Toyota’s latest concept vehicle comes in the form of a GR Yaris that runs on hydrogen instead of gasoline. The hot hatch has received the hydrogen fuel tanks from the Mirai, but it still operates the inline-three-cylinder motor that received adaptations to allow it to run on hydrogen.
According to Toyota, thanks to hydrogen combustion technology, this concept vehicle delivers “near-zero emissions,” while also keeping the acoustic and sensory characteristics that are typical for internal combustion engines. In other words, this is not a new concept but shows that someone is still working on getting an ICE vehicle to work on hydrogen.
Toyota claims that it started experimenting with hydrogen combustion technology back in 2017 and underlines the fact that this technology is not yet ready for commercialization. However, the Japanese marque has pledged to continue the development of this unit under the hood of the Corolla Sport in the Super Taikyu race series in Japan.
Hyundai Motor Group Chairman Euisun Chung has made a number of bold moves since he took the company’s reins late last year. He’s put more money into electric vehicles and orchestrated a deeper shift into the world of robotics. But another important part of his effort to transform the company from conventional carmaker to mobility giant involves embracing hydrogen-based technology. And on that front, the jury’s still out.
The experience of Song Young-jin shows just how tough it will be for Hyundai to succeed in a world increasingly embracing electric-battery-powered motors. The 38-year-old sales manager in Euiwang city bought a Hyundai Nexo, whose hydrogen-fuel-cell engine emits only water vapor, in March 2020. Wooed by Hyundai’s advertising, he felt a hydrogen car would be good for long commutes and better for the environment.
Here’s our third 2021 Toyota Mirai update in a nutshell: The car is great but the fueling is painful, and this month was more painful than most. Allow us to regale you with the story of what happened with our long-term hydrogen-fueled EV during a week we’re calling the Hydrogen Fuelpocalypse. Spoiler alert: We did not punch the yutz in the gray Mirai, but damn, did we come close.
As usual, when our Mirai’s range-remaining display showed 100 miles, we started to think about fueling up. Checking the Toyota app, we saw that most of the hydrogen stations in and around the Mirai’s home turf of the San Fernando Valley were either broken or out of fuel. No big deal; such glitches usually resolve themselves within a couple of days, hence our 100-mile threshold.
This time, though, things weren’t getting better. True Zero Mission Hills, a beautiful four-pump station that always seems to be broken, stayed offline. The somewhat reliable Studio City station kept going down. Hollywood fell, then Fairfax. Horrified, we realized what was happening: Working stations were being inundated by cars and either running out of fuel or dropping from the strain.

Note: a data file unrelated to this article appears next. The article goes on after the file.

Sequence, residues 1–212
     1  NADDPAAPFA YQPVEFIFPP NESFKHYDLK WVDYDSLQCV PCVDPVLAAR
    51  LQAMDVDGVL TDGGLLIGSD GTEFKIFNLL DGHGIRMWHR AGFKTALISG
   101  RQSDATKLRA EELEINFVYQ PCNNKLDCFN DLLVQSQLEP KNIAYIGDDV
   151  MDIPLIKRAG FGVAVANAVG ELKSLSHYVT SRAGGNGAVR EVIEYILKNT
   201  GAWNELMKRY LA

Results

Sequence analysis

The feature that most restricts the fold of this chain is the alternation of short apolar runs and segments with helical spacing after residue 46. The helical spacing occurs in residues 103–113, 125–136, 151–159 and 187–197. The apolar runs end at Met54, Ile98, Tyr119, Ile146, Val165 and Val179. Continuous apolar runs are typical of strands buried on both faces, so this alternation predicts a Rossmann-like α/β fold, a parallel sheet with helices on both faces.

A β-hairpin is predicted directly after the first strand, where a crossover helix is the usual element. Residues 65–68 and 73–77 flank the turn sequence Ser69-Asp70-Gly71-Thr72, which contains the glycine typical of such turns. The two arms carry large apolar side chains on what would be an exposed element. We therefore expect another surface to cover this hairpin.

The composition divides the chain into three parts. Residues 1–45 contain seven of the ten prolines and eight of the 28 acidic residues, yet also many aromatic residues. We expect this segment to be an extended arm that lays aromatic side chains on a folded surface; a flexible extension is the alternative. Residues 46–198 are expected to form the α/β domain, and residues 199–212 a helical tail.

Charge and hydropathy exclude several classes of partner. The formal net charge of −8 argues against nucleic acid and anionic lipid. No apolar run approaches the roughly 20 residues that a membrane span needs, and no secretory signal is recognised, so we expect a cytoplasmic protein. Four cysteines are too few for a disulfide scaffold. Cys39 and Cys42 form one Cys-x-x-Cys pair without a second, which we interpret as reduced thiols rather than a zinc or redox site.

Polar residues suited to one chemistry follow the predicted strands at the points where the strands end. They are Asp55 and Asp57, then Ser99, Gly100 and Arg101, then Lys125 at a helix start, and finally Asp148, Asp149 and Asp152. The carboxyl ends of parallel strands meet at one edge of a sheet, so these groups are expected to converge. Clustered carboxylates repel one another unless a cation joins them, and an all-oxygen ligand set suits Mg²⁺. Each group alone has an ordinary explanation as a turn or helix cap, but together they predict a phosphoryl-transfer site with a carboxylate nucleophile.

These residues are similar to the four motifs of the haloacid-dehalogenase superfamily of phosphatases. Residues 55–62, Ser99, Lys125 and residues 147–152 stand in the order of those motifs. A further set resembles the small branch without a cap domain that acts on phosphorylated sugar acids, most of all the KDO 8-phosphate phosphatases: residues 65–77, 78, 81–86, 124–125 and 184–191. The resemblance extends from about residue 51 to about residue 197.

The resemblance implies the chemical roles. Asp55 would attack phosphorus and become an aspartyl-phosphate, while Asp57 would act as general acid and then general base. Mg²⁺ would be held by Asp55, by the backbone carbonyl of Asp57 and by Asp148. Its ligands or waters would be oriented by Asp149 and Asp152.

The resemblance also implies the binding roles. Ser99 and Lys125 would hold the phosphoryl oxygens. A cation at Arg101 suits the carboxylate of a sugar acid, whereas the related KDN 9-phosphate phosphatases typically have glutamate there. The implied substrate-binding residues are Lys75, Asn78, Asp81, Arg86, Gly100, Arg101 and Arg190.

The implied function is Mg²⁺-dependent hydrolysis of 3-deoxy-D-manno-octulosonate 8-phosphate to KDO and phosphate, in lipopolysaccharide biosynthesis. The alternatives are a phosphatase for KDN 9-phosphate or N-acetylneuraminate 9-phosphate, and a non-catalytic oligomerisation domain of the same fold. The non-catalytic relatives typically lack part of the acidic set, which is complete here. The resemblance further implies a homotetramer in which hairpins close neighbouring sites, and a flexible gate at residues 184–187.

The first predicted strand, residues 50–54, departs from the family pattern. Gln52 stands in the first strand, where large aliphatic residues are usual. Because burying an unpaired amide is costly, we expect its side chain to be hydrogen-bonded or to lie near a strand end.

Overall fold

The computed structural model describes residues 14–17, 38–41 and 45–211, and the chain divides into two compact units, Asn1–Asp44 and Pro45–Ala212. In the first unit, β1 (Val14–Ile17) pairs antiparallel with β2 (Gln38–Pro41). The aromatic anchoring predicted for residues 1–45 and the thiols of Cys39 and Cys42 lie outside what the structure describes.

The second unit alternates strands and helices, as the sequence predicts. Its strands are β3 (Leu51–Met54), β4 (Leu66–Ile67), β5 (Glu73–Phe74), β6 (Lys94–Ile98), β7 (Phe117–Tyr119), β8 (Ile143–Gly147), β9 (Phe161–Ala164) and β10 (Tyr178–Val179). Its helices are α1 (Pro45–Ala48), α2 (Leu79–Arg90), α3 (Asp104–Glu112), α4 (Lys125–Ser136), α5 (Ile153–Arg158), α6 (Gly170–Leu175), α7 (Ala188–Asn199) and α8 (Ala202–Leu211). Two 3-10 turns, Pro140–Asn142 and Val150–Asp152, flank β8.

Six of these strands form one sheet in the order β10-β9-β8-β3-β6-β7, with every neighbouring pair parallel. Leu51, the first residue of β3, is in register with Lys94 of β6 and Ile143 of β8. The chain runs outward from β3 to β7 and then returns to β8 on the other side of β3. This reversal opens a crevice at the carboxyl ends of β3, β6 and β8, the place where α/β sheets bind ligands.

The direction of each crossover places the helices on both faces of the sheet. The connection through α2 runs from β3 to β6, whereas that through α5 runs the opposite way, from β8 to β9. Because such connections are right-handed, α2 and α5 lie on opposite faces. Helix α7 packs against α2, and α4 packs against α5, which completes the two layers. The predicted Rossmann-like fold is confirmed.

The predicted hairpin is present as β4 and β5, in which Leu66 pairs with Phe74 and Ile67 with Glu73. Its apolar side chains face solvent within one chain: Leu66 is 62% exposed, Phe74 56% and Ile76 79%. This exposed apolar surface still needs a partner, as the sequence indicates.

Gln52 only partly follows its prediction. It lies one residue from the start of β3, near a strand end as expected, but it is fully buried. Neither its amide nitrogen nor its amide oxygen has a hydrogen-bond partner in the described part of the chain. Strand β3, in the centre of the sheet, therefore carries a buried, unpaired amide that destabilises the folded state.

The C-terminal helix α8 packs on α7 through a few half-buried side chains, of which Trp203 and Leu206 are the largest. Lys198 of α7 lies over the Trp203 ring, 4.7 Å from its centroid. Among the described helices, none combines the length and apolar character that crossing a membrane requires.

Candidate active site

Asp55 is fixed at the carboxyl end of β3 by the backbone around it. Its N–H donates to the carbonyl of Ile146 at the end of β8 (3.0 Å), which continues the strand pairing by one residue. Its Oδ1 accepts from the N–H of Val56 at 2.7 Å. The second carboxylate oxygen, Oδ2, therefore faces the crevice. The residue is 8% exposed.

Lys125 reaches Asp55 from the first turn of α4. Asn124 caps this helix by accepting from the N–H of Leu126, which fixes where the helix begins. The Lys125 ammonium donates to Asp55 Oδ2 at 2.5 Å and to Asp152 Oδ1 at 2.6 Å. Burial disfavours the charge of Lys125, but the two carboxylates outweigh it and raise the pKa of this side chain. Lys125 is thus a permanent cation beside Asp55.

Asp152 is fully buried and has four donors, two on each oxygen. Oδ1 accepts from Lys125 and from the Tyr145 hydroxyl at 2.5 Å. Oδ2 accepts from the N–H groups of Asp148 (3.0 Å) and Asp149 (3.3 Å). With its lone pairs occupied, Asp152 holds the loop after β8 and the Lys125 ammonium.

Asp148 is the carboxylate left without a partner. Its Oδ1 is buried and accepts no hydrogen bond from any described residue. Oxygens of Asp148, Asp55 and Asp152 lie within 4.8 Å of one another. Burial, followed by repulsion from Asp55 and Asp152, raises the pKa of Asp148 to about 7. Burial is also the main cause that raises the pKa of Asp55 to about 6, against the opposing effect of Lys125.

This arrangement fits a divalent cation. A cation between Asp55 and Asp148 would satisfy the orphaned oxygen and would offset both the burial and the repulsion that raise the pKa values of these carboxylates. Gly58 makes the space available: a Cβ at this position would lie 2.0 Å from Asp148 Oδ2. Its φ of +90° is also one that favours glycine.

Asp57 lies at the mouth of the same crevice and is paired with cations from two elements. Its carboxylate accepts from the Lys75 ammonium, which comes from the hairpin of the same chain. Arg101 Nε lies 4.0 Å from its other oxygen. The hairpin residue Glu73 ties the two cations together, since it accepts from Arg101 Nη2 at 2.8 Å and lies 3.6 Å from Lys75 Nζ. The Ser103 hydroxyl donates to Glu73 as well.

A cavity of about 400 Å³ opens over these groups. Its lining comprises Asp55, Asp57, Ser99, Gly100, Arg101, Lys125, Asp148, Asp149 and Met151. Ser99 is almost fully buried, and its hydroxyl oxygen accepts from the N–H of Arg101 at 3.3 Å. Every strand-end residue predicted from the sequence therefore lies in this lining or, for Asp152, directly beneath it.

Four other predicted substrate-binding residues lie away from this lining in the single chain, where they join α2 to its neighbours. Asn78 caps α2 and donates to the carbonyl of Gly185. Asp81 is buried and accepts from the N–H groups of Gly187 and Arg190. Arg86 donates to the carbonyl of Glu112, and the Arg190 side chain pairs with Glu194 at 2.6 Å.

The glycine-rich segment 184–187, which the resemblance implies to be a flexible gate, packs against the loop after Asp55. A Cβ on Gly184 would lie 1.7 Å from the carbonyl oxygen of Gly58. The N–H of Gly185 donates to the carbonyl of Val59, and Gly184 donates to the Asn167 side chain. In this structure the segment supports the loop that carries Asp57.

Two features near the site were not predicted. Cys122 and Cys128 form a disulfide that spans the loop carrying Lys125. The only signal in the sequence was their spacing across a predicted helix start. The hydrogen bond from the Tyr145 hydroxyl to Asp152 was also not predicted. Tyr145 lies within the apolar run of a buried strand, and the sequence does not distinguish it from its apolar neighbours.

Geazone is a British Columbia (BC)-based courier company that provides delivery services, third party logistics and freight services to businesses and customers across Vancouver Island and Vancouver.
The 40 Toyota Miraifuel cell electric vehicles (FCEV) they ordered are powered by hydrogen. The press release did not specify if Gearzone will be using Blue (ie. made with fossil fuels) or Green Hydrogen, which is much more difficult to source.
Geazone received rebates from the BC’s CleanBC Go Electric Hydrogen Fleet program, which offers fleet operators $8,000 to a maximum of 35% of selling price for the purchase of an FCEV to help B.C. businesses reduce emissions.
Hydrogen BC, the association championing British Columbia’s hydrogen industry, welcomes the announcement.
There are only four hydrogen fuelling stations in BC, with ‘several’ more planned. And that is a major problem for fuel cell electric vehicles. There is simply no infrastructure to support these vehicles. For example, California is the only US state where one can purchase a Toyota Mirai as there are not enough hydrogen fuelling stations in the rest of the US.
FCEV should be part of the solution to cleaning up the environment. At the moment they simply are not.
Daimler Truck AG and BP Advanced Mobility Limited announced plans to work together to introduce a hydrogen network, supporting the decarbonization of UK freight transport. They intend to pilot both the development of hydrogen infrastructure and the introduction of hydrogen-powered fuel-cell trucks in the UK.
Under their memorandum of understanding (MoU), BP will assess the feasibility of designing, constructing, operating and supplying a network of up to 25 hydrogen refuelling stations across the UK by 2030.
These stations would be supplied by BP with ‘green’ hydrogen – generated from water using renewable energy. Complementing this, Daimler Truck expects to deliver hydrogen-powered fuel-cell trucks to its UK customers from 2025.
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